INTRODUCTION: Previous studies have demonstrated that an overall high level of mental work demands decreased dementia risk. In our study, we investigated whether this effect is driven by specific mental work demands and whether it is exposure dependent. METHODS: Patients aged 75+ years were recruited from general practitioners and participated in up to seven assessment waves (every 1.5 years) of the longitudinal AgeCoDe study. Analyses of the impact of specific mental work demands on dementia risk were carried out via multivariate regression modeling (n = 2315). RESULTS: We observed a significantly lower dementia risk in individuals with a higher level of "information processing" (HR, 0.888), "pattern detection" (HR, 0.878), "mathematics" (HR, 0.878), and "creativity" (HR, 0.878). Yet, exposure-dependent effects were only significant for "information processing" and "pattern detection." DISCUSSION: Our longitudinal observations suggest that dementia risk may be reduced by some but not all types of mental work demands.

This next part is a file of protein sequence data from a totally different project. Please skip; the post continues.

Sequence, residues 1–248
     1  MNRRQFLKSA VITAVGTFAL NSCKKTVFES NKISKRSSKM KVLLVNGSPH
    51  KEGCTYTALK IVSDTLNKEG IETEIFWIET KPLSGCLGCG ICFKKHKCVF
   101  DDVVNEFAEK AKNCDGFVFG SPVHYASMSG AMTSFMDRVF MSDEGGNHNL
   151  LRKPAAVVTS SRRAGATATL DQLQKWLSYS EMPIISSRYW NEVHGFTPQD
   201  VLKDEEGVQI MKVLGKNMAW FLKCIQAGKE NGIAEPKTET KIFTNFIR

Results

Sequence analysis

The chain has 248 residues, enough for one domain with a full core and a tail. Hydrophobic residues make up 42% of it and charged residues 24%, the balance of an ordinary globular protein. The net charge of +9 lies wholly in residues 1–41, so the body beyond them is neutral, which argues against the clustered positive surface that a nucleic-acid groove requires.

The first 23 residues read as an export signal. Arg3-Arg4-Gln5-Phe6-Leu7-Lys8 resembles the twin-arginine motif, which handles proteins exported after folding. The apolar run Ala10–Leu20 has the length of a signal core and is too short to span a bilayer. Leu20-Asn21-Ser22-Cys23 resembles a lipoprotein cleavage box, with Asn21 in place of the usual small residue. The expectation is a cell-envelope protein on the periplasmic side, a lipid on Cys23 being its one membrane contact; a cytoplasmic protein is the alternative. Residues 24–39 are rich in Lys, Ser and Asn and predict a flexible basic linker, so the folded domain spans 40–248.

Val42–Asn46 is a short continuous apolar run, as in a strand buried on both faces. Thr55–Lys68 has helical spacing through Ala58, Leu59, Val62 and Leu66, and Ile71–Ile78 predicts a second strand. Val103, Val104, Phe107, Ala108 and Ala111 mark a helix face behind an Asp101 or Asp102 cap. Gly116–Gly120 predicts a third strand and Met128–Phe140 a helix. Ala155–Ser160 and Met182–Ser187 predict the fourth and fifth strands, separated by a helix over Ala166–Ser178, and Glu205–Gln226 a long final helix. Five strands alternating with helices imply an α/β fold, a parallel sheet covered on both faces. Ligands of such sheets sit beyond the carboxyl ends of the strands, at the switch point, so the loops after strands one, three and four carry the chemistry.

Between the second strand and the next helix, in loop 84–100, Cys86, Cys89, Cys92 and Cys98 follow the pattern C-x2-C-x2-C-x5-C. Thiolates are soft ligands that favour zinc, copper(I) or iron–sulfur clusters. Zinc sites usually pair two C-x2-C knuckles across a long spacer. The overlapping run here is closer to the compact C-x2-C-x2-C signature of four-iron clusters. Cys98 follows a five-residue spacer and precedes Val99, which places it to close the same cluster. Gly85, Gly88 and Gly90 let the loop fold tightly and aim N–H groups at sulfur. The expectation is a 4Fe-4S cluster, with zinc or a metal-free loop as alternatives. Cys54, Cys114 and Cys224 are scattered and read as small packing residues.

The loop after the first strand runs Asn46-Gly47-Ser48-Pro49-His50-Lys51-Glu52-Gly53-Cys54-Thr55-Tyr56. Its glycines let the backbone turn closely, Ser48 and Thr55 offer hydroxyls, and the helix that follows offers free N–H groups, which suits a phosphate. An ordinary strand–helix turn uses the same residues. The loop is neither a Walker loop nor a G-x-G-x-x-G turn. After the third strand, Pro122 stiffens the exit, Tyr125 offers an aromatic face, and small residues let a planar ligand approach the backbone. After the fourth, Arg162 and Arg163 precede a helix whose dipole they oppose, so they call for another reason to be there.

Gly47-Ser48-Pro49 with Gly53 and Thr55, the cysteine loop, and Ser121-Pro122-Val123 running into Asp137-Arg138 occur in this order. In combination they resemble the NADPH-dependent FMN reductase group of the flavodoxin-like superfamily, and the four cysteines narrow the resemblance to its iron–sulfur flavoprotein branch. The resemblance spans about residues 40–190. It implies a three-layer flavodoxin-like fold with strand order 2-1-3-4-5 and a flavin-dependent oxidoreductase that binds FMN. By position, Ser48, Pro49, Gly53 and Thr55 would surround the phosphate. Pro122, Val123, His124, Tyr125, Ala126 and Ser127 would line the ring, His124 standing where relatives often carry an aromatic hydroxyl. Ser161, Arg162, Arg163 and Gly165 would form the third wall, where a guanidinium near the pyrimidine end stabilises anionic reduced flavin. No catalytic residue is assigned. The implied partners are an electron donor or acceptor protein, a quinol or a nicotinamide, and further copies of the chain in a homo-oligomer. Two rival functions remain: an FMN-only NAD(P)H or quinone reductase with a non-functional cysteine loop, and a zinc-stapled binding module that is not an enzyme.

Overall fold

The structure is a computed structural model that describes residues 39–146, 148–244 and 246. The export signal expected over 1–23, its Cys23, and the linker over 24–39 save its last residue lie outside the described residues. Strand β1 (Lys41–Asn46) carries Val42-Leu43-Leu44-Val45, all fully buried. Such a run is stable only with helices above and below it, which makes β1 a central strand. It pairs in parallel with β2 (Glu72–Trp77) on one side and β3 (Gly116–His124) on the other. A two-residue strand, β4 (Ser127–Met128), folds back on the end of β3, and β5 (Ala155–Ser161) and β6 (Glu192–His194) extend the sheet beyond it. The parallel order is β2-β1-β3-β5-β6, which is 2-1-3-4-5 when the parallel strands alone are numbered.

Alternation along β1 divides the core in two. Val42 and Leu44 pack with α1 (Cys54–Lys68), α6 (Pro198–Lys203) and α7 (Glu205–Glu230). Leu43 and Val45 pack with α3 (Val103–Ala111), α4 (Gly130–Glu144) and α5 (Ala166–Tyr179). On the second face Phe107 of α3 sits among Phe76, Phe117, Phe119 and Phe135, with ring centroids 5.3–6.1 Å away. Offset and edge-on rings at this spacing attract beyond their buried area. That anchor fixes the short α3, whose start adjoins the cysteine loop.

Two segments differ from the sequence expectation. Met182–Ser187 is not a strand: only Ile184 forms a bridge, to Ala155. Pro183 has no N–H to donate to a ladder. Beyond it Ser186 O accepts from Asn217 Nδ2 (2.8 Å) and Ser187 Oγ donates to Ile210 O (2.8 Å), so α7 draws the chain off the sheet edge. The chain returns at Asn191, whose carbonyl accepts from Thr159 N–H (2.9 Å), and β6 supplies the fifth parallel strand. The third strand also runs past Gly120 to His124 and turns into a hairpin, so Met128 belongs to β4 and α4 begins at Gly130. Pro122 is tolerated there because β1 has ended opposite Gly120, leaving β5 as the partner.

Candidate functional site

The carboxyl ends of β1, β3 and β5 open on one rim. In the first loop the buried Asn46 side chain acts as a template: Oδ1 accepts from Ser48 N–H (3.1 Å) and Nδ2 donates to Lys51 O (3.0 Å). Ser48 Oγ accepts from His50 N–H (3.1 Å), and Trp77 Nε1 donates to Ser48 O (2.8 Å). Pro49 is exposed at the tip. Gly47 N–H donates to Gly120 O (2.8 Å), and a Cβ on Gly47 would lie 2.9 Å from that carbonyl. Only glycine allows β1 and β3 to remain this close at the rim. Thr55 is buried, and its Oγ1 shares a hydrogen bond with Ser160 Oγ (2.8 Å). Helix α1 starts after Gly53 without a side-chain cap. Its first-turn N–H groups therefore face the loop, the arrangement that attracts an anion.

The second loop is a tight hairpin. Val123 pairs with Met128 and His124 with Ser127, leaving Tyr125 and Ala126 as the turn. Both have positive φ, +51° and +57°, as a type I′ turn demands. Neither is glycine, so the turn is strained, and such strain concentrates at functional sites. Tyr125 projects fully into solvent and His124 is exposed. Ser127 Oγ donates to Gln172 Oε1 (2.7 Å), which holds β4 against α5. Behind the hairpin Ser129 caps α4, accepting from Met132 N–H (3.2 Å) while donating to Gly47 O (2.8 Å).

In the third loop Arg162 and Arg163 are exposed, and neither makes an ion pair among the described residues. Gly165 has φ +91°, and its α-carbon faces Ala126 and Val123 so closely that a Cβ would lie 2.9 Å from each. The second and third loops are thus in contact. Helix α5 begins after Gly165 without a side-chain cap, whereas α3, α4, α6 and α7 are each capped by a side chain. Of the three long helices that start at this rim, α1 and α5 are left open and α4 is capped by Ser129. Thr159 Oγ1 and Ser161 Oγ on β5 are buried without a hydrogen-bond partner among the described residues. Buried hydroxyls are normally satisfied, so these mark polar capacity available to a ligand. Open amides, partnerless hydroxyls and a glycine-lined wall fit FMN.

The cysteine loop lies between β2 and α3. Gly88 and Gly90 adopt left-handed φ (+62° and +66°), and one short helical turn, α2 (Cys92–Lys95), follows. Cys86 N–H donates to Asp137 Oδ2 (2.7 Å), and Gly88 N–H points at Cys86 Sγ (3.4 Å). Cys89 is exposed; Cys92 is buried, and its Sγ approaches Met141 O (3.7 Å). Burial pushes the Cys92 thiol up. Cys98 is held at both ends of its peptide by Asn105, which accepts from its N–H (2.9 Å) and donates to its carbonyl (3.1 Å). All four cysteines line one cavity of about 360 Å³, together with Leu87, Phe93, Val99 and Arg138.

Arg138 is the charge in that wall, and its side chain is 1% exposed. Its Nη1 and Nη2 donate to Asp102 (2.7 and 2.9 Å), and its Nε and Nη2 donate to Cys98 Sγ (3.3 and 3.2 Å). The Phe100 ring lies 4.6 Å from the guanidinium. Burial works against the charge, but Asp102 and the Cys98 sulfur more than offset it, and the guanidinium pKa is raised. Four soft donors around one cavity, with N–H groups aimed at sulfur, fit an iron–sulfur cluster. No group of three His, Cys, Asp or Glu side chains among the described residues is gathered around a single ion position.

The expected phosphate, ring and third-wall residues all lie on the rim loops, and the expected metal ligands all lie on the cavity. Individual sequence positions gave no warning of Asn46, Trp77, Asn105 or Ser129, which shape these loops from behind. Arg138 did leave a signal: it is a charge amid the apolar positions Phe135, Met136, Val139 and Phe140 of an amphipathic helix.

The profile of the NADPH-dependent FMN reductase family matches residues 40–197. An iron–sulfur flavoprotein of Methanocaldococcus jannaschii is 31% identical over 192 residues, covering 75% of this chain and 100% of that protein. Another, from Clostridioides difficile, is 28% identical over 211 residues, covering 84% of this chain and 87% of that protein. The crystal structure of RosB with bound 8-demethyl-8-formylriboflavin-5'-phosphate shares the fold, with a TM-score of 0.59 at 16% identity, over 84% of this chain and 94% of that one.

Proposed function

Human Diseases: Dementia
Citation: Alzheimers Dement. 2017 Apr;13(4):431-440. doi: 10.1016/j.jalz.2016.08.008. Epub 2016 Sep 28.
Date Published: 30th Oct 2016
Created: 13th May 2019 at 09:18
Last updated: 13th May 2019 at 09:20